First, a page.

NEA Executive Director Urges Delegates to Defend Democracy

NEA Executive Director Kim Anderson

The fate of American democracy, whether it holds fast or crumbles, depends upon an educated citizenry, NEA Executive Director Kim Anderson told NEA Representative Assembly delegates on Thursday.

“Our democracy is the foundation of a society which is supposed to value equal voice, respect for all, and the dignity of spirited but civil discourse,” said Anderson. “And where do we learn to put those values into action? In our schools and on our campuses.

“In other words, the answer to a weakened democracy is a strong, just system of public education. And it’s our job, as members of this union, to fight for it.”

This has always been NEA’s work

Anderson addressed delegates on Thursday during the 2021 Virtual Representative Assembly, the union’s 100th Representative Assembly. Fifty-five years ago, Anderson noted, delegates helped merge NEA with the American Teachers Association, an association of Black educators, creating a new multi-racial coalition.

Through the years, NEA members have marched for civil rights, fought for equity in education, and more. “We’ve helped protect, improve, and expand our democracy and our public education system when our country needed it most,” she said.

Today, that need is here and now.

Consider the new limits on voters by state legislatures in Florida, Georgia and elsewhere, aiming at restricting the rights of all Americans to have a voice in their government. Think about how “foreign adversaries” have interfered in the integrity of our elections—without consequence, Anderson urged.

Thirty percent of Americans believe the presidential election was stolen, Anderson pointed out, even though it was certified by bipartisan election officials in every state.

“The structural erosion of our democracy is real. And it’s happened right before our eyes,” Anderson told delegates.

The answer is you—and your union

The answer—the only hope—to countering the dismantling of American democracy is the work of educators, Anderson told delegates. “With every fiber of my being, it is increasingly clear that you—our nation’s educators—must be the ones to save our democracy through a world-class public education system.”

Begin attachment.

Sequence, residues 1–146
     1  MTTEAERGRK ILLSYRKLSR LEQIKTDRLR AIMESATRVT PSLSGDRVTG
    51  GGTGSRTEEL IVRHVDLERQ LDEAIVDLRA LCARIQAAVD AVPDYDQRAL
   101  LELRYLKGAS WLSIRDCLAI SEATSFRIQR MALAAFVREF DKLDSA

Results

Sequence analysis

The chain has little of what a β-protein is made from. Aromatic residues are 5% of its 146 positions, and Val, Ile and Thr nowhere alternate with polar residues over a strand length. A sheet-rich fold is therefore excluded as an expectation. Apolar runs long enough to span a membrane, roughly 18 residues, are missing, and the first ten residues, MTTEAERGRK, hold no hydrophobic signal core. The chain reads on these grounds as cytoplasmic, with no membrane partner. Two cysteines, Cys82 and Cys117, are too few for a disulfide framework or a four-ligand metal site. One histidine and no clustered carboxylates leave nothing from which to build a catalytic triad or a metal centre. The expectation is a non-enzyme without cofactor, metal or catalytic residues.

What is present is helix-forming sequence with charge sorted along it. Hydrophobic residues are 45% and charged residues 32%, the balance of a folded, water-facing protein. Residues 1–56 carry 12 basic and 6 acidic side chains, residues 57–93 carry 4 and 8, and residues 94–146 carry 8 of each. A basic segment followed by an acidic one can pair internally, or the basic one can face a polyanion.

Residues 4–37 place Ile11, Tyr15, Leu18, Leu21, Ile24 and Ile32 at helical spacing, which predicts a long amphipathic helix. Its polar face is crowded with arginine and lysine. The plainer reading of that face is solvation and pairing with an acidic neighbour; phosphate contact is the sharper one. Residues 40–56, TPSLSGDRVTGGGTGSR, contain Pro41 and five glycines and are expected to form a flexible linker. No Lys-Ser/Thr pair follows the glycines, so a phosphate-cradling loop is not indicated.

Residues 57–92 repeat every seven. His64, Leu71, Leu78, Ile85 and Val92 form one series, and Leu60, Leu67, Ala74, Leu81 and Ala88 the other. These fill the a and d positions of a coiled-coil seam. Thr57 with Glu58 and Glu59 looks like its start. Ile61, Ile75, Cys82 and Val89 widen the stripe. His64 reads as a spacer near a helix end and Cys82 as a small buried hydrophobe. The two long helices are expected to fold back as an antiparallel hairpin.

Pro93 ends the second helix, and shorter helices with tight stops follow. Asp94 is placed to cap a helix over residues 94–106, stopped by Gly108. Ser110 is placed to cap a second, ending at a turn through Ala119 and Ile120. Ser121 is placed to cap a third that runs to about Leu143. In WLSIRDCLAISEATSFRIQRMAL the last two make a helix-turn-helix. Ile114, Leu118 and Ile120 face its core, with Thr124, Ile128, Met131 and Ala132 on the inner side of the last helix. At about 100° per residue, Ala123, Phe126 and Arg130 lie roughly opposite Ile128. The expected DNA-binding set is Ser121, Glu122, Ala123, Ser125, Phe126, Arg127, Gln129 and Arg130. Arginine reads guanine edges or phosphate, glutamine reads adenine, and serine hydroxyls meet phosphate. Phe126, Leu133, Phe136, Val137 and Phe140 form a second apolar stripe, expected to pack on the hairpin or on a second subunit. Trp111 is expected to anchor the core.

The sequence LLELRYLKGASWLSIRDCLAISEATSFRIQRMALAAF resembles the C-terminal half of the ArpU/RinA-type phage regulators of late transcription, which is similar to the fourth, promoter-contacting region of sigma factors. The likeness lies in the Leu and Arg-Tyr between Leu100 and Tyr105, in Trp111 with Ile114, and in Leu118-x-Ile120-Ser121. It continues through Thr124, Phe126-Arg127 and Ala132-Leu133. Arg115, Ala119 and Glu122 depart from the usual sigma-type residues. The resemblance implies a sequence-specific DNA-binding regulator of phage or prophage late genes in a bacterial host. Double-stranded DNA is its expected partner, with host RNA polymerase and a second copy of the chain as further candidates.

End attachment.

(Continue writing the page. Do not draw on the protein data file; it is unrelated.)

This is why NEA is investing in community schools that are designed to support the whole student.

“Put simply, a community school constantly seeks a more perfect education for its students,” said Anderson. “And that means its students are more likely to seek a more perfect union.”

This is also why NEA is investing in union-led professional practice and career supports. “We call our model ‘by members, for members,’” said Anderson. And it’s also why the union and its members are leaning into racial and social justice, “in and out of our workplaces, with an acumen and intensity that this moment calls for,” she said.

As an increasing number of state legislatures ban the teaching of America’s history of racism and sexism, NEA’s commitment to social justice—and good teaching—is more important than ever. “Facts, critical thinking, respectful discussion…that’s democracy in our schools and lecture halls,” she said.

Looking ahead

There are difficult battles ahead, but NEA members have shown their mettle and their ability to win, Anderson added. Recent funding victories in Arizona and Minnesota, the defeats of voucher bills in Kansas and South Dakota, the overturning of a collective-bargaining ban in Virginia, and more: “It’s our votes and our organizing that make change happen,” Anderson told RA delegates.

“We absolutely helped carry President Joe Biden and Vice President Kamala Harris to victory,” she said, pointing out the 233,000 NEA volunteers who helped get out the vote in 2020.

Anderson also mentioned President Bident’s historic investment in schools through the American Rescue Plan and highlighted that this week, the NEA Board of Directors established a $10 million grant fund to help NEA state affiliates implement the American Rescue Plan.

With all of this work, NEA members will continue to uphold public education and democratic values, Anderson promised. “Time and again, we’ve shown that when our students need us, when our fellow members need us, when our democracy needs us—we answer the call,” she promised. “Let’s demonstrate the power of a union that believes in democracy and believes in public education.”